Album Reviews

Bad Company – Bad Company & Straight Shooter

Artist:     Bad Company

Album:     Bad Company & Straight Shooter

Label:     Rhino/Swan Song

Release Date:     04/07/2015


As super groups go, Bad Company was pretty formidable. Made up of members of Free, Mott the Hoople and King Crimson, the band represented the prime components of British rock in the early ‘70s, while managing to form an effective hybrid in the process. In truth, Bad Company served simply as a newer incarnation of Free’s blustery, bluesy rock, albeit with more commercial leanings. With two of its four members having served in Free’s prime line-up–specifically, singer Paul Rodgers and drummer Simon Kirke–it was inevitable that the edgier aspects of their sound would emulate the same template.

That said, Bad Company achieved a fame and notoriety that eluded the each of the earlier ensembles. They boasted a string of hits and became a major concert draw, thanks in part to their allegiance with Swan Song Records, the label that manager Peter Grant formed for his primary charges, Led Zeppelin. Consequently, the group’s first two albums set the standard for all that followed, boasting FM staples like “Can’t Get Enough,” “Ready for Love,” “Rock Steady” and their de facto theme song “Bad Company” (from their eponymous debut), and “Good Lovin’ Gone Bad,” “Feel Like Makin’ Love” and “Shooting Star” (which appeared on the follow-up, Straight Shooter). While other efforts would achieve similar success in the years that followed, these two albums are the efforts that created the template and set their high bar.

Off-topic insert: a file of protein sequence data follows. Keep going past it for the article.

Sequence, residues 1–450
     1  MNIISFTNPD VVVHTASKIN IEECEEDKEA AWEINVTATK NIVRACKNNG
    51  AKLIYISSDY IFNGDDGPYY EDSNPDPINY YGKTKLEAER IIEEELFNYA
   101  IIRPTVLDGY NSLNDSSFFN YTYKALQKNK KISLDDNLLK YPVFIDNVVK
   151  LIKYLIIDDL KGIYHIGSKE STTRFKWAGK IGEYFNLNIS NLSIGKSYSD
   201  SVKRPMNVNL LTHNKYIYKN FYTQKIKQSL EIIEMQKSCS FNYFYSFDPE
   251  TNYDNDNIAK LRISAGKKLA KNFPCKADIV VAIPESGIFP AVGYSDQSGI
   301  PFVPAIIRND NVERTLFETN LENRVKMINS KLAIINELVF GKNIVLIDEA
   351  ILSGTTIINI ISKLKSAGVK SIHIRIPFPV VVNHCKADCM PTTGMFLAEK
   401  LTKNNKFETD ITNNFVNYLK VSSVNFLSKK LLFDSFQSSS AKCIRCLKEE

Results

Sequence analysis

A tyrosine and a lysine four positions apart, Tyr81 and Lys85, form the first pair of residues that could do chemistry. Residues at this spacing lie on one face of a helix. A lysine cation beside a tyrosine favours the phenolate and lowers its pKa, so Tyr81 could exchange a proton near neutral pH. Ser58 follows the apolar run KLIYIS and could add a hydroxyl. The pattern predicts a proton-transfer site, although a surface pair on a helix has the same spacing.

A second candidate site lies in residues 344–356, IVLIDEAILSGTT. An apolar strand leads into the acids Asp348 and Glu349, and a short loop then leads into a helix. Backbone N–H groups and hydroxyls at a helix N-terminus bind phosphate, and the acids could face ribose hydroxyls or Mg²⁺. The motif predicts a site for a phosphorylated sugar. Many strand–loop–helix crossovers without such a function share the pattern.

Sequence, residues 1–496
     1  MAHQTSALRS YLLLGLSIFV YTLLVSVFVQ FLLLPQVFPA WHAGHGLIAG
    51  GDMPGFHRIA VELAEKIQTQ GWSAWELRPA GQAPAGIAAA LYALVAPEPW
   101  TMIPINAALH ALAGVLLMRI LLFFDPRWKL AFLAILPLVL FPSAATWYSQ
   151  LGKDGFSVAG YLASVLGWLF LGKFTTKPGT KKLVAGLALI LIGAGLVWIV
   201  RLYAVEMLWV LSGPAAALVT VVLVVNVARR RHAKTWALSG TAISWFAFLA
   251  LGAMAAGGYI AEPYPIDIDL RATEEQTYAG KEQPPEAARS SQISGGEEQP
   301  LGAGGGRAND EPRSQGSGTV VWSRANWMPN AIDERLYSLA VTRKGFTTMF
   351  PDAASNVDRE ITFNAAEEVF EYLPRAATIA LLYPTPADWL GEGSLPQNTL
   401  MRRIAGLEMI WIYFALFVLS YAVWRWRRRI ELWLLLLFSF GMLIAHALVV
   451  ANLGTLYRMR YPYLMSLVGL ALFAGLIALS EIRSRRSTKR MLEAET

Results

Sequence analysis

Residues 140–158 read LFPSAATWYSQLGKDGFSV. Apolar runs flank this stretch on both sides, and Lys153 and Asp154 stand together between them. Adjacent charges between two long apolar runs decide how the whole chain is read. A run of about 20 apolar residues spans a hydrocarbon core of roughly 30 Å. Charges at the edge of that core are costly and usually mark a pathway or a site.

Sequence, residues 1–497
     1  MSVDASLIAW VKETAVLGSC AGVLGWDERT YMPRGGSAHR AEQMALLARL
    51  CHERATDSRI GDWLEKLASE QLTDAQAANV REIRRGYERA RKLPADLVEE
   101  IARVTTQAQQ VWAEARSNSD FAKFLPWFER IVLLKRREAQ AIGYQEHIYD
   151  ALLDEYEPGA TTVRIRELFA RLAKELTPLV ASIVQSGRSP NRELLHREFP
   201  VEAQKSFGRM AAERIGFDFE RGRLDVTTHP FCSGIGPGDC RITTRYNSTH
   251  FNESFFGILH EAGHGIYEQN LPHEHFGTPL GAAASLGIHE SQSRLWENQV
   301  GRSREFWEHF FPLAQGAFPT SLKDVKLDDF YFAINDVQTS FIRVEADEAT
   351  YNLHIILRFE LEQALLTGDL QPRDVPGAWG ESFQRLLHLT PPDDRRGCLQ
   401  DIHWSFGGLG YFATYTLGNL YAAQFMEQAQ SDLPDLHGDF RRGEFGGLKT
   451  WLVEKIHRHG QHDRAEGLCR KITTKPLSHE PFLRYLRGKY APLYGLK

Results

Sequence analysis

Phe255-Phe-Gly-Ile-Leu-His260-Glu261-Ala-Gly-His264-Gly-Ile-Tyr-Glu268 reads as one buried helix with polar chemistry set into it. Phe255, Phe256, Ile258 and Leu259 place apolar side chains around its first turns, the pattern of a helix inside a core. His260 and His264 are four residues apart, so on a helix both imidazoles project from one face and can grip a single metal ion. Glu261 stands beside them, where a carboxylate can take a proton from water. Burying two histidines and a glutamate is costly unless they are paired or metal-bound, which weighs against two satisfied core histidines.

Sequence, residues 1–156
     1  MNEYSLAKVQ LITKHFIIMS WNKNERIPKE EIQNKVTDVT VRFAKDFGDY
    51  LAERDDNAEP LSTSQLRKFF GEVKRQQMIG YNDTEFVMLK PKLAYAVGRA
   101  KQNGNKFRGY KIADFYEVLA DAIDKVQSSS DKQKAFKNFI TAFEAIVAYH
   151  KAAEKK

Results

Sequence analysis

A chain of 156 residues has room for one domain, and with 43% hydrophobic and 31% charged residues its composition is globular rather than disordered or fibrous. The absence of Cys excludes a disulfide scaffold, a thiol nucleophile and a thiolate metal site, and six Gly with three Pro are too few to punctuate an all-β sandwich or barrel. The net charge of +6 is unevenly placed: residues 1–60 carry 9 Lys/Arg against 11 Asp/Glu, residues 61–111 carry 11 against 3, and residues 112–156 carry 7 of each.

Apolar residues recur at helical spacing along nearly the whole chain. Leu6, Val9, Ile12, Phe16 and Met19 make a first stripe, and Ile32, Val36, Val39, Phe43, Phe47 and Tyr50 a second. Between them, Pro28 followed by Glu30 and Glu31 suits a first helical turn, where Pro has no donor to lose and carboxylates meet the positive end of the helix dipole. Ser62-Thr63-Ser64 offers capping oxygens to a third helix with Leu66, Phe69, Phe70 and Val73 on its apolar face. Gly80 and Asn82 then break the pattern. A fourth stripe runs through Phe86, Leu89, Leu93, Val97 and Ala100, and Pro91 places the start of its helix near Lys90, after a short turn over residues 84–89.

The re-release of these two classic collections seemed somehow inevitable, due to the retreatment that’s been accorded the Zeppelin catalogue. Each bears a wealth of demos and rarities, although the alternate versions of the songs included on the original albums often vary little from the well-known incarnations. Nevertheless, the subtle differences found in alternate takes of “Good Lovin’ Gone Bad,” “Feel Like Makin’ Love,” “Can’t Get Enough” and a handful of others should give completists and enthusiasts reason enough to substitute these expanded versions for their well-worn vinyl. Likewise, the various B sides and occasional unreleased song consolidates the band’s early output in a pair of convenient packages. With 40 years of retrospect, it’s a Bad Company that we’d still want to keep.

– Lee Zimmerman

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